Because tungsten is a very hard material, proper cutting involves using a diamond cutting wheel for consistent, clean cuts. Many welders cut their tungsten incorrectly using one of the following methods:
All of these methods can cause safety and weld problems. The electrode can splinter or shatter unnoticeably, which can cause arc instability and weld defects, as well as the risk of eye or hand injury. It is much easier to cut an electrode quickly and properly with the correct cutting tool designed specifically for how hard and brittle tungsten is.
Using a diamond cutting wheel helps ensure that the cut is clean and smooth and void of fractures or splintering. The tool should be quick and easy to use, have safety covers, and provide a scale to ensure the exact length is measured and cut.
Electrode Angle Surface Finish. The smoothness of the finish on the prepared tip of the electrode determines some of the characteristics of the welding process. In general, points should be ground as fine as possible to improve welding properties and increase the service life of the electrode. Electrodes that are ground too coarse result in unstable arcs.
A standard finish of about 20 roughness average (RA), which would still show the longitudinally ground lines to the naked eye, is an all-purpose, quality finish for any application. A high-polished, mirror like finish of about 6 to 8 RA, in which few or no lines can be seen, is better for the longevity of the electrode, because it reduces the risk of contamination "sticking" to the electrode point and causing erosion. However, for welding power supplies that do not have strong arc-starting characteristics, a finish of about 20 RA is better because longitudinally ground lines help steadily lead electrons to the extreme point of the electrode, which assists in arc starting.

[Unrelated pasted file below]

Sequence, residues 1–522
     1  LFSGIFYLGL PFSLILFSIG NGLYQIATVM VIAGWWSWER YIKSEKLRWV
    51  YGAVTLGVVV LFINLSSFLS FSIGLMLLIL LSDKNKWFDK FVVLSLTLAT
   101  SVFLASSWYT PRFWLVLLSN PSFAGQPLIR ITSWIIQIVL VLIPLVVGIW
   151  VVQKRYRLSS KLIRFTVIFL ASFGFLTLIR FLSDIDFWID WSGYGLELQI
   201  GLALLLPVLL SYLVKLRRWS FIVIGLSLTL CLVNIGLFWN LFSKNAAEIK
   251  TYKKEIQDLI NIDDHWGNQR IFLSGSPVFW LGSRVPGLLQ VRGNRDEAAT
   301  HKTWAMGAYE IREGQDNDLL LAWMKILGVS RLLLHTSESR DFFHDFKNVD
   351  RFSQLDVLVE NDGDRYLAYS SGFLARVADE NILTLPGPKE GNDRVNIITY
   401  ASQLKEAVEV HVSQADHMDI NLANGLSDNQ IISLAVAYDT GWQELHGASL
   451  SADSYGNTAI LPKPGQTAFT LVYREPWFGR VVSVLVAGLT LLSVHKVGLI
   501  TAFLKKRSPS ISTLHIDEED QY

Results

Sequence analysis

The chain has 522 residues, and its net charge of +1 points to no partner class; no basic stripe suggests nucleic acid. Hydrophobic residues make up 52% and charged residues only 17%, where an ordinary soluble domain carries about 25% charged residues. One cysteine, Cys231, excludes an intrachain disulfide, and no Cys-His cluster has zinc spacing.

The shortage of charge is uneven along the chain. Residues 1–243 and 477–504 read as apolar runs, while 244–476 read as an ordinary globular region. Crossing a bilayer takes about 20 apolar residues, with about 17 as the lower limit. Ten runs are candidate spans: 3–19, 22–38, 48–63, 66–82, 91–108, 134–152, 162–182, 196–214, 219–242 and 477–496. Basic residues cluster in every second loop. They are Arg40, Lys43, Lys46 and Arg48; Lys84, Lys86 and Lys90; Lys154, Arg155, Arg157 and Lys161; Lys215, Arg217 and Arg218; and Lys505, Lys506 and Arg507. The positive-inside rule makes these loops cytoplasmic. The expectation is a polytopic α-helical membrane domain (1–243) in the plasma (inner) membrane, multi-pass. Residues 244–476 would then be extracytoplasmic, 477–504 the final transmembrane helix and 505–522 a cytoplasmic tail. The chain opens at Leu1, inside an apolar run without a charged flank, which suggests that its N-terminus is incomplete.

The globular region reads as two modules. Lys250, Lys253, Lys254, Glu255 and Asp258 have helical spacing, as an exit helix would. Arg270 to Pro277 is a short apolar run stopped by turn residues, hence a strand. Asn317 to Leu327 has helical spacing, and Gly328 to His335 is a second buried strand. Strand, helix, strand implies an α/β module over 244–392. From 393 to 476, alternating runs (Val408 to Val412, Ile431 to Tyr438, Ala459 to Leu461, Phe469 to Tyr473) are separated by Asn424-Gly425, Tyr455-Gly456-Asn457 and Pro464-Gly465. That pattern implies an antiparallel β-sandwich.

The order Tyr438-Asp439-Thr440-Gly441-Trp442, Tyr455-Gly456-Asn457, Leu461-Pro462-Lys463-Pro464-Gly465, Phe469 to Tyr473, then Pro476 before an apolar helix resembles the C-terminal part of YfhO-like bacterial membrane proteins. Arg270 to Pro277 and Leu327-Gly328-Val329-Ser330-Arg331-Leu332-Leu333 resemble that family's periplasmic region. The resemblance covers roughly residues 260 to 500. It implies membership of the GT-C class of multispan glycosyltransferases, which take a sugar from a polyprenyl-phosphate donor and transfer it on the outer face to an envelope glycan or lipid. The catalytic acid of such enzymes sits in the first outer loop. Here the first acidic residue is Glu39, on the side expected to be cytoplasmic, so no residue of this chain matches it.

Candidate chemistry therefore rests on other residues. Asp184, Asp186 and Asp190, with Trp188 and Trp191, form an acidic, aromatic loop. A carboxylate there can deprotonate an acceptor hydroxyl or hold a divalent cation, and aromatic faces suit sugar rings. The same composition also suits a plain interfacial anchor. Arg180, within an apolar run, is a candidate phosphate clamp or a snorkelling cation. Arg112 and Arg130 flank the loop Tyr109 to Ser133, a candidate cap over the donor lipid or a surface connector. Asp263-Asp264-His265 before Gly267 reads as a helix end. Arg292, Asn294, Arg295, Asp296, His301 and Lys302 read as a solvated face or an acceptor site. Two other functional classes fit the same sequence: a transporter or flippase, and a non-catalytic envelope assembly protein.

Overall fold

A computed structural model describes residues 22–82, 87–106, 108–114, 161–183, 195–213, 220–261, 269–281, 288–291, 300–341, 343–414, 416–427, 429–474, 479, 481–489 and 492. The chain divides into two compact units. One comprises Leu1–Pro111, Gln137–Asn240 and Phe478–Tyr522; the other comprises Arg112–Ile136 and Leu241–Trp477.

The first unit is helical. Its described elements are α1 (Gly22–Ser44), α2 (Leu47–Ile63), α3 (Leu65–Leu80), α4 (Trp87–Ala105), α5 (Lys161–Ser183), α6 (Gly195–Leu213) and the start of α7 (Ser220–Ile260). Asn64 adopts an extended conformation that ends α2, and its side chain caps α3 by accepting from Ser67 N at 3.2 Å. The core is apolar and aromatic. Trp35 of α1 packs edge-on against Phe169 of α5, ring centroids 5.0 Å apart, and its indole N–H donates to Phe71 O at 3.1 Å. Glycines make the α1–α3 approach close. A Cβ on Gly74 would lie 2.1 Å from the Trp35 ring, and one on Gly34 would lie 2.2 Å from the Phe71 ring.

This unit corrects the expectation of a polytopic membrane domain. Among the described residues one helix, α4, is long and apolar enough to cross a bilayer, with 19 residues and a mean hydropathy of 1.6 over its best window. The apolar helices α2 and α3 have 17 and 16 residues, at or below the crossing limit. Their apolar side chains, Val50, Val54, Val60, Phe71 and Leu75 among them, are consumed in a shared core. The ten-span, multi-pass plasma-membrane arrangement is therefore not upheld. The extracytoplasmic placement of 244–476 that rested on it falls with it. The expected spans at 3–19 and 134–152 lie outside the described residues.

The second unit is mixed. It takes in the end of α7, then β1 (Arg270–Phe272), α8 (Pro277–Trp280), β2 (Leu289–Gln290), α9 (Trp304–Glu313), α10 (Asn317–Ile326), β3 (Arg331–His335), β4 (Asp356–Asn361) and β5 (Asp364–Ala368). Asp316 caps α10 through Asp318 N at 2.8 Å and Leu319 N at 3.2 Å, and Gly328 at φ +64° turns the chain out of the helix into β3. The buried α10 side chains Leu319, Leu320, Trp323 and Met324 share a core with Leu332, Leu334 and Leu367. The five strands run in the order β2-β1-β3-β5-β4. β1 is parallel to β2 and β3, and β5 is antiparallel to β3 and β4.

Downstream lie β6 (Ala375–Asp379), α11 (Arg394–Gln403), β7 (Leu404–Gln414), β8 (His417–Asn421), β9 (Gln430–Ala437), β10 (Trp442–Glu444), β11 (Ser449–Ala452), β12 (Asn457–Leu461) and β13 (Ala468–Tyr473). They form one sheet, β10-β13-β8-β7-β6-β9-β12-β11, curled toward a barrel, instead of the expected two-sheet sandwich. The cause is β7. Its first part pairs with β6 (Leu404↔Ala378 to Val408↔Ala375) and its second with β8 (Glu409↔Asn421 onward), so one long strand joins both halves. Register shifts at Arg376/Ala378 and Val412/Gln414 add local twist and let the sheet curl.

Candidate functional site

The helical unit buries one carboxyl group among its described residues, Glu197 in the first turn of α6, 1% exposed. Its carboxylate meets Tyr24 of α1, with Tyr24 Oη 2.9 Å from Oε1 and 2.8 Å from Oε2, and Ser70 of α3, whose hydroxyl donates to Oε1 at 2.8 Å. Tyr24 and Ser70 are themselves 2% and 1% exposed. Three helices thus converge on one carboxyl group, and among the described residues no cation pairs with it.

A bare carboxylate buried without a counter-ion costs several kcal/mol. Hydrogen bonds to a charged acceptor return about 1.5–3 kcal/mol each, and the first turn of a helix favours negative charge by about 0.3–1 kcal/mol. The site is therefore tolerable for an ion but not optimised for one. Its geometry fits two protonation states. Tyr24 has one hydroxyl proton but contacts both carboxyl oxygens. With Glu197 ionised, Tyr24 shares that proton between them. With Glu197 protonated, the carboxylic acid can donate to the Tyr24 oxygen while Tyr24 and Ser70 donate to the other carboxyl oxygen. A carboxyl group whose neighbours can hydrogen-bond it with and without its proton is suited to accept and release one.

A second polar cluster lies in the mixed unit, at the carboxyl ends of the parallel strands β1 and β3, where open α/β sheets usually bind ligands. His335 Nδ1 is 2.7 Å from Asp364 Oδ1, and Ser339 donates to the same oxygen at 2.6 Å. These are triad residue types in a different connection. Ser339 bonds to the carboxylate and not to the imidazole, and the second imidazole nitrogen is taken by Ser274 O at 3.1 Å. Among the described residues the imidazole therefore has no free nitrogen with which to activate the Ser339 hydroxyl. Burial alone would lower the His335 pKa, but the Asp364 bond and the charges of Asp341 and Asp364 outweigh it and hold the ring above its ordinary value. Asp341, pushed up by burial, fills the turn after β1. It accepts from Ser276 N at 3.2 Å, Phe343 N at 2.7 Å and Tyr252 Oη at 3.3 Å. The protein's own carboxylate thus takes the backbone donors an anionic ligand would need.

In most applications, it is very important to have a dedicated tungsten electrode grinder. Standard grinding equipment at most facilities does not offer the means for proper longitudinal diamond grinding or consistency of preparation from one electrode to the next. In addition, a nondedicated machine contaminates the electrode with foreign material, which compromises weld quality in a number of ways.
For efficient production of consistent and repeatable electrodes and welds, consider the following characteristics in a grinder: